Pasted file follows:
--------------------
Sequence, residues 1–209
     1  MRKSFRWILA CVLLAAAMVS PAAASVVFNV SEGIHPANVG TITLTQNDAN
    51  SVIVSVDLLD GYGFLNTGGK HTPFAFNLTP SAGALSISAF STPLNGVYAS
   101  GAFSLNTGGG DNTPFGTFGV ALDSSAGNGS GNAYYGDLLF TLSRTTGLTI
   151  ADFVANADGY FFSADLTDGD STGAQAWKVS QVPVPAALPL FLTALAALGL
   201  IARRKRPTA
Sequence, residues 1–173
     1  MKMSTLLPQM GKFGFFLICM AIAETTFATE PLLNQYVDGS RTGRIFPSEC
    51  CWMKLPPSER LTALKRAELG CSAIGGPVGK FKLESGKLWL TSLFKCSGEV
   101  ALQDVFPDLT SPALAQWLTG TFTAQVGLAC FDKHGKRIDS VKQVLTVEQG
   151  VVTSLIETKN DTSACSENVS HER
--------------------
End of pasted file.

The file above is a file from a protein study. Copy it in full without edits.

Sequence, residues 1–209
     1  MRKSFRWILA CVLLAAAMVS PAAASVVFNV SEGIHPANVG TITLTQNDAN
    51  SVIVSVDLLD GYGFLNTGGK HTPFAFNLTP SAGALSISAF STPLNGVYAS
   101  GAFSLNTGGG DNTPFGTFGV ALDSSAGNGS GNAYYGDLLF TLSRTTGLTI
   151  ADFVANADGY FFSADLTDGD STGAQAWKVS QVPVPAALPL FLTALAALGL
   201  IARRKRPTA
Sequence, residues 1–173
     1  MKMSTLLPQM GKFGFFLICM AIAETTFATE PLLNQYVDGS RTGRIFPSEC
    51  CWMKLPPSER LTALKRAELG CSAIGGPVGK FKLESGKLWL TSLFKCSGEV
   101  ALQDVFPDLT SPALAQWLTG TFTAQVGLAC FDKHGKRIDS VKQVLTVEQG
   151  VVTSLIETKN DTSACSENVS HER